A playground is seen in the abandoned city of Prypyat some 3 kilometers from Chernobyl in Prypyat, Ukraine. Picture: AP

Washington - The tourists first started flocking to Chernobyl nearly 10 years ago, when fans of the video game S.T.A.L.K.E.R. wanted to see firsthand the nuclear wasteland they'd visited in virtual reality.

Next came those whose curiosity piqued when in 2016 the giant steel dome known as the New Safe Confinement was slid over the sarcophagus encasing nuclear reactor number four, which exploded in April 1986, spewed radiation across Europe and forced hundreds of thousands to flee from their homes.

Then in May, HBO's Chernobyl miniseries aired, and tourism companies reported a 30 to 40 percent uptick in visitors to the Chernobyl Exclusion Zone, abandoned and eerily frozen in time.

Now the Ukrainian government - capitalizing on the macabre intrigue - has announced that Chernobyl will become an official tourist site, complete with routes, waterways, checkpoints and a "green corridor" that will place it on the map with other "dark tourism" destinations.

"We must give this territory of Ukraine a new life," President Volodymyr Zelensky said during a visit to Chernobyl this week. "Until now, Chernobyl was a negative part of Ukraine's brand. It's time to change it."

Radioactive dust still coats it all.

"Chernobyl is a unique place on the planet where nature revives after a global man-made disaster, where there is a real 'ghost town,' " Zelensky said during his visit. "We have to show this place to the world: scientists, ecologists, historians, tourists."

Though exploiting a historical space like Chernobyl could infuse Ukraine's economy with tourism dollars and motivate developers to revive the sleepy towns surrounding the "dead zone," there are significant downsides, experts say.

The grounds remain coated with plutonium, cesium, strontium and americium - radionuclides (atoms that emit radiation) that could pose potentially serious health risks to those who touch or ingest them. Some areas are more radioactive, and therefore more dangerous, than others.

"Chernobyl was the worst nuclear accident in human history," said Jim Beasley, an associate professor at the University of Georgia who has been studying wildlife in the Exclusion Zone since 2012. "Even though the accident occurred over 33 years ago it remains one of the most radiologically contaminated places on earth."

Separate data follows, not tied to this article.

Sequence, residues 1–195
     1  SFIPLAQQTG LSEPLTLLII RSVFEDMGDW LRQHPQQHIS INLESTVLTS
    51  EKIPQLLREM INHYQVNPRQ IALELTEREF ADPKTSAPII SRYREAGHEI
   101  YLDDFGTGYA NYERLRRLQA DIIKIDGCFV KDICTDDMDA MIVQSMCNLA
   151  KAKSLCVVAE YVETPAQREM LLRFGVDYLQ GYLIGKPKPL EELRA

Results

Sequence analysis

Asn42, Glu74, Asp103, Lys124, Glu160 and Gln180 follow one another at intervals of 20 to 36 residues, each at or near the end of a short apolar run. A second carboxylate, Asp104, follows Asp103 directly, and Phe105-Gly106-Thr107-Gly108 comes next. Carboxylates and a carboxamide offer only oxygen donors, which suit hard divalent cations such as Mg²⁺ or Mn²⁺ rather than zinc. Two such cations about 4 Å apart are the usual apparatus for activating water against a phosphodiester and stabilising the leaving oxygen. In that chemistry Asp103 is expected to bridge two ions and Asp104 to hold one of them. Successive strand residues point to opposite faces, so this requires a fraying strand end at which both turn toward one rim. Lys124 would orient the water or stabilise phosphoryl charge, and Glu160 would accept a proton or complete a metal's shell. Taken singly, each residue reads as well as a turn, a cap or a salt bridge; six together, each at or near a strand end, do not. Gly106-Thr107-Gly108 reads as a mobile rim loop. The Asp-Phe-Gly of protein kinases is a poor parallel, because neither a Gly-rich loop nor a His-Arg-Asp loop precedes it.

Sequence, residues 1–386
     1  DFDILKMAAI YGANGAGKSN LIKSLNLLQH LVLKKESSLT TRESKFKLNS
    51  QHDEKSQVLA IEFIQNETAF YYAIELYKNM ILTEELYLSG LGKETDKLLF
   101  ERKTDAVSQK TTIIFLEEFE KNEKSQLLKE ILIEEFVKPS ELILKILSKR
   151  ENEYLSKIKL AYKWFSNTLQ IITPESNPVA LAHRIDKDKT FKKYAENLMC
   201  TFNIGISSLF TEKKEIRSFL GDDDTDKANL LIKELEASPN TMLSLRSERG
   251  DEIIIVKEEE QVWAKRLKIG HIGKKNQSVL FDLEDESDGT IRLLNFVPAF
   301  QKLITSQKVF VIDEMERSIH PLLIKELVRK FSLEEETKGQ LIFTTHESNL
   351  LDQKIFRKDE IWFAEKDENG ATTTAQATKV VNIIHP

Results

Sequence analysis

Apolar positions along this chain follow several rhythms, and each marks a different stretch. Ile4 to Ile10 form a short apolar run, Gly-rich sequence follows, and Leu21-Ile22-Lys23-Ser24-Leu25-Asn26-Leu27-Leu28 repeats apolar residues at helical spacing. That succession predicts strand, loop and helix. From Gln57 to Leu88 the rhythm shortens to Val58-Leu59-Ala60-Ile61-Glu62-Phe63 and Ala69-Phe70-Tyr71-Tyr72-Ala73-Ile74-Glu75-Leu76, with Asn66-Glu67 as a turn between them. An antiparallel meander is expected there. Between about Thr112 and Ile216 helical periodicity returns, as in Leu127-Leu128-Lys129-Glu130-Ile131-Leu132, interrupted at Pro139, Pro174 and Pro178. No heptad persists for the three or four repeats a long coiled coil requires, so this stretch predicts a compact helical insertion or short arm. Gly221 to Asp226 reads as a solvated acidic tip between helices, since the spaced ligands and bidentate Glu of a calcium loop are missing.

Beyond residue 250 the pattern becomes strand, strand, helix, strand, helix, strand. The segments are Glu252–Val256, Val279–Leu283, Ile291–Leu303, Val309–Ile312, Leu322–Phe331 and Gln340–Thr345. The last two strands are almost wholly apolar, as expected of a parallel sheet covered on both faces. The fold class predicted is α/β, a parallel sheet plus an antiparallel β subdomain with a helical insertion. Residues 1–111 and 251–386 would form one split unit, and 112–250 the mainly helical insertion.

More than 30 people were killed in the immediate aftermath of the explosion, and officials are still debating the full extent of the longterm death toll in Ukraine and nearby countries where people grew sick with cancer and other illnesses.

Ukrainian President Volodymyr Zelenskiy and other officials visit the abandoned city of Prypyat some 3 kilometers from Chernobyl in Prypyat. Picture: AP

The World Health Organization estimates total cancer deaths at 9 000, far less than a Belarusian study that put the death toll at 115 000, reported Reuters.

Today, radiation levels inside the Exclusion Zone vary widely from location to location, said Dr. T. Steen, who teaches microbiology and immunology at Georgetown's School of Medicine and oversees radiation research in organisms at nuclear disaster sites. Because of that, she advises anyone visiting to be educated and cautious while inside the Exclusion Zone, and to limit time spent there.

"The longer you're exposed, the more that future impact is," she said.

Theoretically, more government oversight at Chernobyl could help curb this kind of interference, especially if a financial investment in the zone will help preserve the ghost town there and bring in more guards and checkpoints to patrol who comes and goes.

None of that will prevent tourists from disturbing Chernobyl's spirit.

The Washington Post